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Research (Published online: 30-06-2015)

22.  Hematocrit alterations and its effects in naturally infected indigenous cattle breeds due to Trypanosoma spp. on the Adamawa Plateau - Cameroon  - A. Mamoudou, V. K. Payne and S. L. Sevidzem

Veterinary World, 8(6): 813-818



   doi: 10.14202/vetworld.2015.813-818


A. Mamoudou: Department of Parasitology and Parasitological Diseases, School of Veterinary Medicine and Sciences, University of Ngaoundere, Cameroon;

V. K. Payne: Department of Animal Biology, Faculty of Science, University of Dschang BP 67 Dschang, Cameroon;

S. L. Sevidzem: Department of Animal Biology, Faculty of Science, University of Dschang BP 67 Dschang, Cameroon;


Received: 02-03-2015, Revised: 22-05-2015, Accepted: 02-06-2015, Published online: 30-06-2015


Corresponding author: A. Mamoudou, e-mail:

Citation: Mamoudou A, Payne VK, Sevidzem SL (2015) Haematocrit alterations and its effects in naturally infected indigenous cattle breeds due to Trypanosoma spp. on the Adamawa Plateau - Cameroon, Veterinary World 8(6): 813-818.

Aim: An experimental study was carried out on 148 naturally infected indigenous cattle breeds with either single or mix infections of various species of trypanosomes. The objectives of this study were to determine the species of trypanosomes, observe their hematopathological consequences on host-related risk factors and to determine the packed cell volume (PCV) of the infected group.

Materials and Methods: The buffy coat method (BCM) which is a variant of the hematocrit centrifugation method was used for the parasitological and hematological analysis. The May Grünwald-Giemsa method was also used for the identification of different trypanosome species.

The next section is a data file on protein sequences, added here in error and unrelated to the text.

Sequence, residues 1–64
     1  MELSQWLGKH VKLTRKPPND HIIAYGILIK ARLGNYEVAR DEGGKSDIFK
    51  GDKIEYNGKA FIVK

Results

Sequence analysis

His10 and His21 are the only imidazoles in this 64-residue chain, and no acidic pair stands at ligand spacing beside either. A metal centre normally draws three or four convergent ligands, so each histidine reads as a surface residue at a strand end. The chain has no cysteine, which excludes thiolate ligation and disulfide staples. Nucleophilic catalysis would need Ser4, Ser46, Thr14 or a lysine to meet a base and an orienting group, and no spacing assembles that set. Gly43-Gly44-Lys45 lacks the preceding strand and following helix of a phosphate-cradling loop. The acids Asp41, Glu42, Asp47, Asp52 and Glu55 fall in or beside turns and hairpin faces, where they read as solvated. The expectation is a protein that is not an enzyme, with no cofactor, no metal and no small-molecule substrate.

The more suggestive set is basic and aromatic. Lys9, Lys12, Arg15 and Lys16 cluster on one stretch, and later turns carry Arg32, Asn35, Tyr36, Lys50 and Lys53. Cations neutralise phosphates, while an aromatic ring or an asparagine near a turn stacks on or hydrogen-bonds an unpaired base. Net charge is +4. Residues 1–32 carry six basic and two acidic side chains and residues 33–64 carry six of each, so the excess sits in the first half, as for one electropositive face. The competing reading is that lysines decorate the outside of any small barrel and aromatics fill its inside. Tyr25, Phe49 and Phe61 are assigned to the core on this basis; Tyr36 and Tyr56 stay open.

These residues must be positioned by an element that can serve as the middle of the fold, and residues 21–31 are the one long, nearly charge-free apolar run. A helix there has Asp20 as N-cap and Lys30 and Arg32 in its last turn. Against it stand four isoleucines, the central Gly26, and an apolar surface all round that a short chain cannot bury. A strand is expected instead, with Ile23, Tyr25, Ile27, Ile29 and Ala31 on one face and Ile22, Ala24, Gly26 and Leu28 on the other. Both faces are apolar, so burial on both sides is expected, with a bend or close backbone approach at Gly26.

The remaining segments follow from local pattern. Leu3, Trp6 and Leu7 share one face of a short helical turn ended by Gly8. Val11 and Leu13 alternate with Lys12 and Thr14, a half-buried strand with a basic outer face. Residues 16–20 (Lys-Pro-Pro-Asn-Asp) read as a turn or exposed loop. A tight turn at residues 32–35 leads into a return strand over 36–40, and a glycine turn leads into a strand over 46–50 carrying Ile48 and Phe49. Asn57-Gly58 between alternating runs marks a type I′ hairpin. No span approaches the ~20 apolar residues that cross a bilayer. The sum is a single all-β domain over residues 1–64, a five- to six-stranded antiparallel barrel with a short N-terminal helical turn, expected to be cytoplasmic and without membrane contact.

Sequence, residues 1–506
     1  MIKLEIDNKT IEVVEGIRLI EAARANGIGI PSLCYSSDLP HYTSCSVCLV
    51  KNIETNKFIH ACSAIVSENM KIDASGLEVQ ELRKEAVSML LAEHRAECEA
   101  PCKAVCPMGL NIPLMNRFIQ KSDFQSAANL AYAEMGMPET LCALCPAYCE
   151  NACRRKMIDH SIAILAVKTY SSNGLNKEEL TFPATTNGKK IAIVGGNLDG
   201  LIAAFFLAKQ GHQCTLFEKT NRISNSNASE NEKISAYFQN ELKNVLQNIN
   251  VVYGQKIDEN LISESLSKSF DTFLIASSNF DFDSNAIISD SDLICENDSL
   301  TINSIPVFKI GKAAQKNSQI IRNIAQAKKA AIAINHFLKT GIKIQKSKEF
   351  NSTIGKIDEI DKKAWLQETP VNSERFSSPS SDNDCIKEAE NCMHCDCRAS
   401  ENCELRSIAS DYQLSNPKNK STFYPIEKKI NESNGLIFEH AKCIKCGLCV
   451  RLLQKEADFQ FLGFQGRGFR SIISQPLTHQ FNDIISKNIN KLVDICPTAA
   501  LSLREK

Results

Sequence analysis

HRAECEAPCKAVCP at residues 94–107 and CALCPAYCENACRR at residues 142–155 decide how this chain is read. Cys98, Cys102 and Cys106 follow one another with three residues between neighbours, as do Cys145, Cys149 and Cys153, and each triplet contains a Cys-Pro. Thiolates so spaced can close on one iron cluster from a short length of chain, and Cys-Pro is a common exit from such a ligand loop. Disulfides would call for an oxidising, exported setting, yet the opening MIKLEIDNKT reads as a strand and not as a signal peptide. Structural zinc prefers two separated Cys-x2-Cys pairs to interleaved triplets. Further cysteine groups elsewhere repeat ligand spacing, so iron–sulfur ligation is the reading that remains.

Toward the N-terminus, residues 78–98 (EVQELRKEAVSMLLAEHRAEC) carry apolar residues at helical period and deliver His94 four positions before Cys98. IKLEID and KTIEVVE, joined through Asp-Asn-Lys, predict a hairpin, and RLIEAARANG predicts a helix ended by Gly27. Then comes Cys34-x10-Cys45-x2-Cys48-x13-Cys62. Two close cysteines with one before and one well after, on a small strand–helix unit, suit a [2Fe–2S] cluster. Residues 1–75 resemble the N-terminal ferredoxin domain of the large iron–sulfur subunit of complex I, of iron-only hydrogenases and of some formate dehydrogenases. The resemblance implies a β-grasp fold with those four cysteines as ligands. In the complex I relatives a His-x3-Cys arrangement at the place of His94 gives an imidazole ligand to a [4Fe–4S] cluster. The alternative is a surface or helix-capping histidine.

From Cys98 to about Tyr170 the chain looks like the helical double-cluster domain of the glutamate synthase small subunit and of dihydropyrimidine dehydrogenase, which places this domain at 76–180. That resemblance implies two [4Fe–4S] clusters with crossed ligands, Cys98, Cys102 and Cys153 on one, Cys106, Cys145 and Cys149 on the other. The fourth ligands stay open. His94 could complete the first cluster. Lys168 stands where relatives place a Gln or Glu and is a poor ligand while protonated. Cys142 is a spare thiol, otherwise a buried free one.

Results: The infection rate in accordance with the various trypanosomes was as follows: Trypanosoma congolense + Trypanosoma brucei (1.35%), Trypanosoma vivax + T. brucei (1.35%), T. congolense + T. vivax (8.11%), T. congolense + T. vivax + T. brucei (8.78%), T. brucei brucei (11.48%), T. vivax (20.94%), T. congolense (47.97%). The infection rate with respect to breeds showed the following results - Brahman (1.0%), Red Fulani (5.2%), White Fulani (6.5%) and Gudali (16.7%), with no statistical significant difference (p>0.05). The combined mean PCV of single as well as mix infections was not statistically significant (p>0.05). The mean PCV of males (25.64±5.08 standard deviation [SD]) which was lower than that of females (30.82±4.94 SD) was statistically significant (p<0.05). The body condition of infected animals with sex showed that a greater proportion of males with "Poor" and "Medium" conditions showed high prevalence than females with the same conditions, with a significant difference (p<0.05). However, females showed a "Good" condition than males even though it was not statistically significant (p>0.05). The PCV profile of the infected group showed that the highest proportion of infected animals had PCV of ≤31% than PCV >31%. The mean weight of the animals was (265.41±95.36 SD). A scatter-linear plot of infected buffy coat against mean PCV showed a negative parametric correlation.

Conclusion: Distinguished Trypanosoma spp. pathogenicity, emaciation and weight loss related anemia, poor body condition, sex and the response of different breeds to various trypanosomes were highly affected and are of vital importance in diagnosis and act as a contribution to future control and treatment plans in this area.

Keywords: hematocrit, buffy coat method, body condition, anemia, trypanosome, breed, cattle, Adamaoua Plateau - Cameroon.

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